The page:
Brand experts tout authenticity, great story telling and the importance of staying true to your brand’s promise. How do we accomplish being authentic in a commercial environment that is crowded with conflicting promises and ephemeral truths? Manufacturers all promise impeccable quality, politicians promise lofty attainments, and food companies promise gratification. But all of our tastes are different and we’re all moved by different cultural symbols, style and media. We all have our own truths when it comes to our emotions, and emotions drive brands.
Brand strategists and marketers address this issue by focusing on well-defined market segments. To a marketer, “the truth” is defined by the tastes and values of your customers. A brand should be a cultural leader, and for the first time brands are hearing from their community 24 hours a day, everyday. The best brands create a kind of Jobsian “reality distortion field” that sets the tone for a culture formed by the tastes of your community. Each brand creates an argument for their own existence, and if they can get a buy-in from their community, the whole formula works.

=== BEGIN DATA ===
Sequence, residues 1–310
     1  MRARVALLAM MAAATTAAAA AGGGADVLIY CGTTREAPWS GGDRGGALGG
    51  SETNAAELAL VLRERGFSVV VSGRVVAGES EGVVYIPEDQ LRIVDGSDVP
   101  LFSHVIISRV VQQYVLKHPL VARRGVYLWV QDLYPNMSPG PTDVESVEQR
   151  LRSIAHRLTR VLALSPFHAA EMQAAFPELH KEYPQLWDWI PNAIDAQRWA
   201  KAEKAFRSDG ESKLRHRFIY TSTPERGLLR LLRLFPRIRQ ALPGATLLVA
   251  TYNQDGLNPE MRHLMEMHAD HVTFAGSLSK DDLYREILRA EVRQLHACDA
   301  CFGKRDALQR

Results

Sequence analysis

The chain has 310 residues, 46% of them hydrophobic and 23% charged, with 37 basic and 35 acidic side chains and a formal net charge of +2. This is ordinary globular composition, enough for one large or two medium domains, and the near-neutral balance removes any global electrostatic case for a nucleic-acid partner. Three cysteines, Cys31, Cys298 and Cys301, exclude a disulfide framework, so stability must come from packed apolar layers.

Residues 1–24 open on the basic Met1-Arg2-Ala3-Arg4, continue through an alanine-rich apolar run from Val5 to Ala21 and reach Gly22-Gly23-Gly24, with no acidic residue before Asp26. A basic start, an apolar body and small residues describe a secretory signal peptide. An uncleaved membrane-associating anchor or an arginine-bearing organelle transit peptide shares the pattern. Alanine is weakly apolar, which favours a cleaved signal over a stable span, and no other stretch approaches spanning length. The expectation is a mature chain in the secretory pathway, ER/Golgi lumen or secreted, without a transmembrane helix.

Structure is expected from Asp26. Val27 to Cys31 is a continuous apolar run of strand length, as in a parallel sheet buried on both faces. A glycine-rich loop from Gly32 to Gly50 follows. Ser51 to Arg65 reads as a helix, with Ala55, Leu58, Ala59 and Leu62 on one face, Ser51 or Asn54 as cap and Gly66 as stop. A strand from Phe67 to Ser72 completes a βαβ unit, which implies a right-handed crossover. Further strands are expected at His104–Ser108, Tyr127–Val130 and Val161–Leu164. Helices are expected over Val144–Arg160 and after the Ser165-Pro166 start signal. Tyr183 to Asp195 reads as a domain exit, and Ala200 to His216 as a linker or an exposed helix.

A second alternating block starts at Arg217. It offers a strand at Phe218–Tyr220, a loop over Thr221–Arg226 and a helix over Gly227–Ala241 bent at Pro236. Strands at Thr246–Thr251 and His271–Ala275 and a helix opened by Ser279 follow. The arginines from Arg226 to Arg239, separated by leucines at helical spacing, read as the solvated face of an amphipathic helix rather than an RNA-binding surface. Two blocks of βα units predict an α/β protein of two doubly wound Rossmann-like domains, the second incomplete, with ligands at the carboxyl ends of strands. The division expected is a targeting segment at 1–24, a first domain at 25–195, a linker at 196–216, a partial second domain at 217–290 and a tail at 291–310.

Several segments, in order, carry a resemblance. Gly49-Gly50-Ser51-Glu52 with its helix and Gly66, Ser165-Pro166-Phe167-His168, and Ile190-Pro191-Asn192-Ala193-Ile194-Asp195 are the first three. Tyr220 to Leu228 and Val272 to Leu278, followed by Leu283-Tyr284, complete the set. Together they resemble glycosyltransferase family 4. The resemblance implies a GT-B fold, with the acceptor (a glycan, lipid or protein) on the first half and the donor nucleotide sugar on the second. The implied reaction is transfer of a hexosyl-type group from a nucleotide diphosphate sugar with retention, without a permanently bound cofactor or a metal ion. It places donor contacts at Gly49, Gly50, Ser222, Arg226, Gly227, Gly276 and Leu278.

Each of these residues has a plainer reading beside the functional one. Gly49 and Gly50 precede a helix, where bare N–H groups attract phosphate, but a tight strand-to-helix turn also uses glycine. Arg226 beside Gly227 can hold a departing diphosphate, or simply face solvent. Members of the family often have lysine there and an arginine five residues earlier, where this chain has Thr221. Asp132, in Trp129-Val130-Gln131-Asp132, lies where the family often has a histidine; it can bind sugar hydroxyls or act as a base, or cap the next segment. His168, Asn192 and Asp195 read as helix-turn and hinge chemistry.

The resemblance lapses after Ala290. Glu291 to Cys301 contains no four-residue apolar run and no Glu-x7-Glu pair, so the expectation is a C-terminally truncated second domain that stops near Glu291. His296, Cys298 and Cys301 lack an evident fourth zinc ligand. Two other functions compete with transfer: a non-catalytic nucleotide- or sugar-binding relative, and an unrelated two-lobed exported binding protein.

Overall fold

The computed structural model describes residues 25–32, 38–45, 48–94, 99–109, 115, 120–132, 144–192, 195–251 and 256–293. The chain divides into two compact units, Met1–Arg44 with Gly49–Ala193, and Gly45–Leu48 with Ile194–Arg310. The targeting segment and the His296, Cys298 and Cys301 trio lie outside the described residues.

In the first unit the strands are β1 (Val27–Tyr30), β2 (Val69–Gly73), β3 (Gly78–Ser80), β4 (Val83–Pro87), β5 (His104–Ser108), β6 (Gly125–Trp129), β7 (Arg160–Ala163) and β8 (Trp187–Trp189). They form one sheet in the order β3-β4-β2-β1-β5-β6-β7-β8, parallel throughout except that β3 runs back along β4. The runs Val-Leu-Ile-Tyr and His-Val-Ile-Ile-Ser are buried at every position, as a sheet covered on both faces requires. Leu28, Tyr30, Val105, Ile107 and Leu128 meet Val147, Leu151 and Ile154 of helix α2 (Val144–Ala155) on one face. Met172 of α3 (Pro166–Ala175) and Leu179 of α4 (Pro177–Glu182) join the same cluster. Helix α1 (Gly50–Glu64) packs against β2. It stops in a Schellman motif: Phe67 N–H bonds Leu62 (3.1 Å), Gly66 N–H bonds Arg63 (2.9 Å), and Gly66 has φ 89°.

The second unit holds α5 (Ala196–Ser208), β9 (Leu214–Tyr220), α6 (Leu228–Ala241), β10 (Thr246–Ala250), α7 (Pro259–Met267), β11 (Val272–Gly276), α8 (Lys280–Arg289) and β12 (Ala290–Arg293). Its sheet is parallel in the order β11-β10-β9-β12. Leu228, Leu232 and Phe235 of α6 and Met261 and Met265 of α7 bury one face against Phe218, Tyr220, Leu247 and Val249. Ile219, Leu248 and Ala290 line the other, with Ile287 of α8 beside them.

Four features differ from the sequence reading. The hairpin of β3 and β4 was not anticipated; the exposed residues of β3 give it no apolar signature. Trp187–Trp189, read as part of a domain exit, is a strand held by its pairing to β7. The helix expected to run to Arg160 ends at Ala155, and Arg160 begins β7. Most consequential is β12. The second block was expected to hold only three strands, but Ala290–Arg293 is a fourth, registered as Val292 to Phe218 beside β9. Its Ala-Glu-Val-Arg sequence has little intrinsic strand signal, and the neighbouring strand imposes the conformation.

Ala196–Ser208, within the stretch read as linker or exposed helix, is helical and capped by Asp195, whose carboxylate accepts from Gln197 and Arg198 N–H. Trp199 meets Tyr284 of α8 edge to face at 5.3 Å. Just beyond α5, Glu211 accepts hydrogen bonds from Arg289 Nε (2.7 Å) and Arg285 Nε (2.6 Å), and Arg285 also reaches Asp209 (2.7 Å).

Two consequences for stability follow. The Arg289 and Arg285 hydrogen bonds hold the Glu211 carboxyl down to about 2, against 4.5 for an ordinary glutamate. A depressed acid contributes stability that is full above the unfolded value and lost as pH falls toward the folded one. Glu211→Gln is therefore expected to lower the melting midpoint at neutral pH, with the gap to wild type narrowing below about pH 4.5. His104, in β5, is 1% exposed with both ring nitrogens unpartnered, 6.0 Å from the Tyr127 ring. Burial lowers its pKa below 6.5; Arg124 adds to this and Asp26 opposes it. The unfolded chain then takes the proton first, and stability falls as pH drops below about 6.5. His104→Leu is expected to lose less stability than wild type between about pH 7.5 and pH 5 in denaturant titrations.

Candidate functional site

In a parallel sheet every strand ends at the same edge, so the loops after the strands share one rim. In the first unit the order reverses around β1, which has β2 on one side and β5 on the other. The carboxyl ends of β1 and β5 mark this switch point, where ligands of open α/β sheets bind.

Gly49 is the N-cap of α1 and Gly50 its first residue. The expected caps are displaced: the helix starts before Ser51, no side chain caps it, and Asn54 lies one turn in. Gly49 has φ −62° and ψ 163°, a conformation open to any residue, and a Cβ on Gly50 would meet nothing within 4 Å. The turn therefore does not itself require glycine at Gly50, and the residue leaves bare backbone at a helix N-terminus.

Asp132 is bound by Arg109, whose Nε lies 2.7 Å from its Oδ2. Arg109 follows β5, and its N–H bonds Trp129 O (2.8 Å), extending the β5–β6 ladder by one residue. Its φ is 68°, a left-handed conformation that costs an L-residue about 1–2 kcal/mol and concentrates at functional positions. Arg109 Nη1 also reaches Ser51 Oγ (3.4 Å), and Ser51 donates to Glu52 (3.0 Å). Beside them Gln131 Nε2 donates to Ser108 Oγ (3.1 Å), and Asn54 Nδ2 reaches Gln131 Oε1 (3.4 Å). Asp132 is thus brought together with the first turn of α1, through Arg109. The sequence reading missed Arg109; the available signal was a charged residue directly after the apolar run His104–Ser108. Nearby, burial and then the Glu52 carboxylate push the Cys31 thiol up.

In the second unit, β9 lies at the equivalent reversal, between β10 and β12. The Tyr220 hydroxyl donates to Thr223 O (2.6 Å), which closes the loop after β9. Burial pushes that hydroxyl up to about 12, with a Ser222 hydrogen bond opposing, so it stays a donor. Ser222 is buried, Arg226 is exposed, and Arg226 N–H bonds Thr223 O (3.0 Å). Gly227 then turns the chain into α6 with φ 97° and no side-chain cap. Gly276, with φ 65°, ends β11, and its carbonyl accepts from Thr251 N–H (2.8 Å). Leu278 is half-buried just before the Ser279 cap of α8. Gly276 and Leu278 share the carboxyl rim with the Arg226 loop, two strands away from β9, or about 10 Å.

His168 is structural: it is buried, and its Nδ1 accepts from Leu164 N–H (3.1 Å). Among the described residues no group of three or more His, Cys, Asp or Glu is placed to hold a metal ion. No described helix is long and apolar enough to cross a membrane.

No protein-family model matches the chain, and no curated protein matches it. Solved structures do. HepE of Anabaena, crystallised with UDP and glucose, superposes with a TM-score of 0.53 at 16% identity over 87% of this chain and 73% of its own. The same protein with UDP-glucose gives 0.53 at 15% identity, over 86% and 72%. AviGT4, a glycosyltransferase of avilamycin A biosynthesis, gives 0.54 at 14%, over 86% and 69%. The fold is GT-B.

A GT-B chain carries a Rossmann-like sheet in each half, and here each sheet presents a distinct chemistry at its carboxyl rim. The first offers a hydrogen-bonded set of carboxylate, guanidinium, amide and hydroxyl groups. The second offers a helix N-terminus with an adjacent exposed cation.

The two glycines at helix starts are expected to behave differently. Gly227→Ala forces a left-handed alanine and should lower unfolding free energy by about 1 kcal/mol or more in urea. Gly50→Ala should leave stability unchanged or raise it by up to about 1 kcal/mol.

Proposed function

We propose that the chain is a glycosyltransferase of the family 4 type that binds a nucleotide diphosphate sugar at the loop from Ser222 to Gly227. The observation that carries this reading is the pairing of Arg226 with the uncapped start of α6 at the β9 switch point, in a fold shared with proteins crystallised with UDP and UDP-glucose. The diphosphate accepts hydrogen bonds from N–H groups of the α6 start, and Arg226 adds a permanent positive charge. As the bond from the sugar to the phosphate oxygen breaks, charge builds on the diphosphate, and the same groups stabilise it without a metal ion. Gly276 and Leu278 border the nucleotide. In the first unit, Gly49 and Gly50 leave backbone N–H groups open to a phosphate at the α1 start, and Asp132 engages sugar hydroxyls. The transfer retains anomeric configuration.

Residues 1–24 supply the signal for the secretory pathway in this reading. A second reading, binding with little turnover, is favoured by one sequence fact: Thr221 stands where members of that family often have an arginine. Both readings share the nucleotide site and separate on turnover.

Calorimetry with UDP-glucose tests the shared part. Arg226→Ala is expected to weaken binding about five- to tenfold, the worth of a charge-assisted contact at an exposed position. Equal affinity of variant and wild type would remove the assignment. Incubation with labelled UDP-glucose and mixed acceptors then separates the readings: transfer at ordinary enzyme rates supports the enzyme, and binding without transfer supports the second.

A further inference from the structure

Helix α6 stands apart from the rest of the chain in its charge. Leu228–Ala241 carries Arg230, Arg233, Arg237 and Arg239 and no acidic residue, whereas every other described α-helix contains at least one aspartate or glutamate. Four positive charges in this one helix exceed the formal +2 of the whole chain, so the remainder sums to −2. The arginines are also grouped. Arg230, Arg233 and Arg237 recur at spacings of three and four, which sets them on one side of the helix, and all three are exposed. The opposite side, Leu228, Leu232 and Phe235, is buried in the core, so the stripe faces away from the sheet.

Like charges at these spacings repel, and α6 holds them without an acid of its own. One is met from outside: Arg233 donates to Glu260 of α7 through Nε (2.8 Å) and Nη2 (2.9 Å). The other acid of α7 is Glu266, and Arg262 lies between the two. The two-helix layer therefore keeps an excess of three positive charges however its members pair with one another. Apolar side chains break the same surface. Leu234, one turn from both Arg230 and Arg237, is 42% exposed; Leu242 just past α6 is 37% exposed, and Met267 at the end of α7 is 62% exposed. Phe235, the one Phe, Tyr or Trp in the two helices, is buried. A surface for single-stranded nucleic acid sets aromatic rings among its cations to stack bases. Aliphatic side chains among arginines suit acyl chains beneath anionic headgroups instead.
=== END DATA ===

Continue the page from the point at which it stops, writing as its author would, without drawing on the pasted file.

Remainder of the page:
Objective truth is a fleeting butterfly influenced by a point of view, state of mind and predisposition. The truths of branding are consensual, collaborative and community-based. In highly competitive or exclusive markets, brand leaders need to clearly communicate their value, while working with their customers to define the relative truths of the marketplace.